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Evid Based Spine Care J. 2011 Nov;2(4):13-8. doi: 10.1055/s-0031-1274752.

Platelet-rich plasma effects on degenerative disc disease: analysis of histology and imaging in an animal model.

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Department of Orthopaedics, University of Mississippi Medical Center, Jackson, MS, USA.



 Randomized controlled animal trial.


 To analyze the early and late phase effects of platelet-rich plasma (PRP) injection into and around the damaged intervertebral disc using an animal model, and to evaluate the needle puncture technique in creating a degenerative disc model.


 The L4-L5 intervertebral disc of 18 adult Sprague-Dawley rats was injured with a 21-gauge needle. Animals received an immediate injection of PRP, or a delayed injection of PRP 2 weeks postinjury, or no further intervention (sham) (n = 6/group). Six uninjured controls were used. Magnetic resonance imaging (MRI) was performed for a control at time 0 and each group at 4 weeks postinjury, this allowed resolution of inflammation and an accurate assessment of healing. Specimens were collected from immediate PRP group at 2 and 4 weeks postinjury, and the delayed PRP group at 4 and 6 weeks postinjury. The sham and control specimens were collected at 2, 4, and 6 weeks postinjury. Each disc was sectioned and analyzed subjectively for overall structure, cellularity, and water content (utilizing MRI). Disc height was measured using descriptive statistics and one-way analysis of variance (ANOVA) with Tukey post hoc analysis. It was presumed both groups injected with PRP would have better outcomes than the sham group.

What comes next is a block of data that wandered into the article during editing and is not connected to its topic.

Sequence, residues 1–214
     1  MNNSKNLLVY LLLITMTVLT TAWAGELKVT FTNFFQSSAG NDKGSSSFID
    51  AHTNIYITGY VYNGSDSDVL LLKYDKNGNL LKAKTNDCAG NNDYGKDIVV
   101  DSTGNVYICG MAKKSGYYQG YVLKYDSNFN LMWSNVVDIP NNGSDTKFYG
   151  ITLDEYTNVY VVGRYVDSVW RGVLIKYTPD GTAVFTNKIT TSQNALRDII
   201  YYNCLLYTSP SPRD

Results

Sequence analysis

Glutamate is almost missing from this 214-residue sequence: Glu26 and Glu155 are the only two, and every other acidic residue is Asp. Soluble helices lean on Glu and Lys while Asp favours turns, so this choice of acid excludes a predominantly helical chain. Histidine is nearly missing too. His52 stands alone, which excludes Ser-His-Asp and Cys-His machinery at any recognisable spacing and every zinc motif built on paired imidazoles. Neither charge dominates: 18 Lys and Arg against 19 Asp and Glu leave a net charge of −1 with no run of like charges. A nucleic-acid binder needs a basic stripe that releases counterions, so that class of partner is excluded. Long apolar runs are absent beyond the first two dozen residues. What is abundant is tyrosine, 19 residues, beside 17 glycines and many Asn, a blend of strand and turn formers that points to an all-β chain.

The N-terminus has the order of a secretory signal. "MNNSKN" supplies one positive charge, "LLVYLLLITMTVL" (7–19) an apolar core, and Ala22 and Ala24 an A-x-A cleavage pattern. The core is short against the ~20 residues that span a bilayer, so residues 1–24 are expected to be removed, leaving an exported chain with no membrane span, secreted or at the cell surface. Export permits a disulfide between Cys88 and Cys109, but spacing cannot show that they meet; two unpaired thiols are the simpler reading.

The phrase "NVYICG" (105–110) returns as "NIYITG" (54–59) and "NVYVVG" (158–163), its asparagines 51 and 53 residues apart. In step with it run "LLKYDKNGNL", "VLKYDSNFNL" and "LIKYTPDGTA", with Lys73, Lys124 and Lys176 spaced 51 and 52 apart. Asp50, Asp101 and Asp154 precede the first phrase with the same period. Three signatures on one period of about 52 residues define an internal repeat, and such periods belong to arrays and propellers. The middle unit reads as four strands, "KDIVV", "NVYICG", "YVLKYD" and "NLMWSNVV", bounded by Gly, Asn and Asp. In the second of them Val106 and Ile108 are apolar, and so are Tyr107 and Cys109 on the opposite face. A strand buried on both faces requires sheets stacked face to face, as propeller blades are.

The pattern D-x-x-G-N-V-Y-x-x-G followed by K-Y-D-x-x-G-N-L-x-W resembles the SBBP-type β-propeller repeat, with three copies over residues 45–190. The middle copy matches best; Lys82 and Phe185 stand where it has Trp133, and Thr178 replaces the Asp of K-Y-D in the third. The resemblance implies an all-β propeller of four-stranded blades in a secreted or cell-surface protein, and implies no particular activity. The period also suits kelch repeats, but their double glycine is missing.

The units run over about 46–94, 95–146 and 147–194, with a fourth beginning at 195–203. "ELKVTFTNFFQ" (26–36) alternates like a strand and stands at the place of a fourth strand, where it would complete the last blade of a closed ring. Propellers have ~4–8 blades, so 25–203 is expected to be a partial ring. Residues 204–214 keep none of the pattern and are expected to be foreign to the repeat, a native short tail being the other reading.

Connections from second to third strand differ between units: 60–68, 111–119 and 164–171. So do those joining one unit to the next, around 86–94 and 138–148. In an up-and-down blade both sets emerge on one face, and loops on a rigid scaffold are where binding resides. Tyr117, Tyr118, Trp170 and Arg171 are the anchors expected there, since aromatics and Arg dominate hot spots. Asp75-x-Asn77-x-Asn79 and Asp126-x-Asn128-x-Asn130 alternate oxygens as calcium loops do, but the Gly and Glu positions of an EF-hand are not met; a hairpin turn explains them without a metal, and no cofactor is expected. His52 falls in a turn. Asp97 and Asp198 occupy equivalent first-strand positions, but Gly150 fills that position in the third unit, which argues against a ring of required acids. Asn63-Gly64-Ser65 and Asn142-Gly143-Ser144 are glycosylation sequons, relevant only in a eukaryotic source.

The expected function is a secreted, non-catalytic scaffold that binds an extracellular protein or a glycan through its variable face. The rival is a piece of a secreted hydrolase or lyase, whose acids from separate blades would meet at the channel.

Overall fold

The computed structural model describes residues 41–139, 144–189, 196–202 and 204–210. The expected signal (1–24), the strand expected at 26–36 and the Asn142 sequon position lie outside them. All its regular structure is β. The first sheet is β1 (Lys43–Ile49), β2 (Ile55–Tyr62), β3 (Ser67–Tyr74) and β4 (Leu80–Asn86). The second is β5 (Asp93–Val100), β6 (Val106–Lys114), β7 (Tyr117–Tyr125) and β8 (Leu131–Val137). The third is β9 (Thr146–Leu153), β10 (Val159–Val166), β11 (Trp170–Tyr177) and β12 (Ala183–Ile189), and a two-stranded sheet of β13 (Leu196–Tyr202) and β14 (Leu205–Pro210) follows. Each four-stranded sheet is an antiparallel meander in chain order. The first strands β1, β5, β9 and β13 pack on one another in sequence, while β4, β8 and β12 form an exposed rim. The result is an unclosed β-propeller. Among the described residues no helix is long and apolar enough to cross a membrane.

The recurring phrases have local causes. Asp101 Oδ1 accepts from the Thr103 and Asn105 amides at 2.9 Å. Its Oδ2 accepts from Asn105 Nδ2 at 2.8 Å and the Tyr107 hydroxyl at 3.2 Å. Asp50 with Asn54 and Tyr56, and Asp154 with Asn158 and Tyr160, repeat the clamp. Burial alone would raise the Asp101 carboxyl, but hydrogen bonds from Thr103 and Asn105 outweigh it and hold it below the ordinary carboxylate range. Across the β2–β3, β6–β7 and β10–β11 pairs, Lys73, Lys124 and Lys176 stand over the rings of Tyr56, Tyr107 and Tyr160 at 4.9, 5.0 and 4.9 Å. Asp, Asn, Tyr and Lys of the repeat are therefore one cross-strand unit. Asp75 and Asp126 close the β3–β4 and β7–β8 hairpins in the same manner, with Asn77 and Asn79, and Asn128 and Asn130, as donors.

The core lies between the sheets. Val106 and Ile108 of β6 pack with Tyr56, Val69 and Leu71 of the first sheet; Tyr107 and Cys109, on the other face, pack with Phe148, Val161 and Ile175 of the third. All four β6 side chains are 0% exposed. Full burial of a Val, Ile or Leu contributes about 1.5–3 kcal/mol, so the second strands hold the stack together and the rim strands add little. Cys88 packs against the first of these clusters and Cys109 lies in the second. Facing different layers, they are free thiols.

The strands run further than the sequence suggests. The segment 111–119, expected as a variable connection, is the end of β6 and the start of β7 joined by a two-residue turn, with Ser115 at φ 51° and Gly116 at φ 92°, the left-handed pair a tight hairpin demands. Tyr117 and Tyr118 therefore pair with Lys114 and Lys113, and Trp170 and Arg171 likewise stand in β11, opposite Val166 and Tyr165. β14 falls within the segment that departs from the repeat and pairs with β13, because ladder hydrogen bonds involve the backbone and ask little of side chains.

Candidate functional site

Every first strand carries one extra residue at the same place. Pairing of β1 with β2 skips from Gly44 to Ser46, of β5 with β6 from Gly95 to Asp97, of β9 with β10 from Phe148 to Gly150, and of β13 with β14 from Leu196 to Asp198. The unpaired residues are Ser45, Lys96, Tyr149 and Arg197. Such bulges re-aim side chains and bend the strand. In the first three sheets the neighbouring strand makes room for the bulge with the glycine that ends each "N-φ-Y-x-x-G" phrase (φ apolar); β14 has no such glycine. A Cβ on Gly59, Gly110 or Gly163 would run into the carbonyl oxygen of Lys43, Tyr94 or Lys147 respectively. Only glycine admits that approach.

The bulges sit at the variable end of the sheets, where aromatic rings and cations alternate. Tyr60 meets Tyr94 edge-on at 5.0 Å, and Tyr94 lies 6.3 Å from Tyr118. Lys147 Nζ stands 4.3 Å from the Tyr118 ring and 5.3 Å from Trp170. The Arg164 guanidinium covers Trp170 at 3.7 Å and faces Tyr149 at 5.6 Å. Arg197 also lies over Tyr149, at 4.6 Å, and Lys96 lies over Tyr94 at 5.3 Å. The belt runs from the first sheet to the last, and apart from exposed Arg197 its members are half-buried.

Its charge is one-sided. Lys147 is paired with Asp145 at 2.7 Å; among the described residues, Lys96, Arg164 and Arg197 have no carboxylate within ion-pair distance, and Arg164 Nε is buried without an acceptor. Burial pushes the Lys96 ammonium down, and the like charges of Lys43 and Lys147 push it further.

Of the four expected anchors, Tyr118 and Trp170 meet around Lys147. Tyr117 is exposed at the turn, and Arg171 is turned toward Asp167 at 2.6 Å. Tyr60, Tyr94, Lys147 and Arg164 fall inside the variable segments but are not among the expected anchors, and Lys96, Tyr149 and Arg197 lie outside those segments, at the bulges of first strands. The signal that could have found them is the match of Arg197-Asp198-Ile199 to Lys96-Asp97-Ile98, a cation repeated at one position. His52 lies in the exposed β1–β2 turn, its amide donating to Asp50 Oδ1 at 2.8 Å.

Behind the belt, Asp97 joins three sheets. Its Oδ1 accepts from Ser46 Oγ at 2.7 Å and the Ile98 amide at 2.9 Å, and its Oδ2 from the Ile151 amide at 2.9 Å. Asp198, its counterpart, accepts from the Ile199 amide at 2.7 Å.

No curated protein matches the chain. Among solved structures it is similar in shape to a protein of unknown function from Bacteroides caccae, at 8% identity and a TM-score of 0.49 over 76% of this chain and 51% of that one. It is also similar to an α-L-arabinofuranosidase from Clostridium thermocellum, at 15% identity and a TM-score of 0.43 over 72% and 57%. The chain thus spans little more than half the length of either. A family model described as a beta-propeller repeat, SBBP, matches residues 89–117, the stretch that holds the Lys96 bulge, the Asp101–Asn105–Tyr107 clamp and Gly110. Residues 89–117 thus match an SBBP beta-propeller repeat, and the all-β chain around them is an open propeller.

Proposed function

The sham group had clear degenerative changes with loss of organizational structure, empty space, fibrous tissue, and inflammatory cells, indicating needle puncture leads to degeneration. The PRP treated groups had fibers that were damaged with empty spaces and inflammatory cells. However, there was maintenance of the ring structure and the nucleus appeared to have a healthy central portion. Overall, both PRP - treated groups retained more normal morphologic features, contained fewer inflammatory cells, and had higher fluid content on MRI; however the effect was more pronounced in the immediate injection group. The disc height was significantly different in the sham and immediate injection group at the 4-week interval.


 This percutaneous needle puncture technique is an effective method for creating a degenerative disc model without posterior destabilization of the spine. The administration of PRP has a protective effect on damaged discs in the acute and delayed injection settings representing clinical treatment with PRP in the early versus late stages of the degenerative process. It appears that earlier intervention in the disease process would be more beneficial than PRP treatment of already severely degenerated discs.

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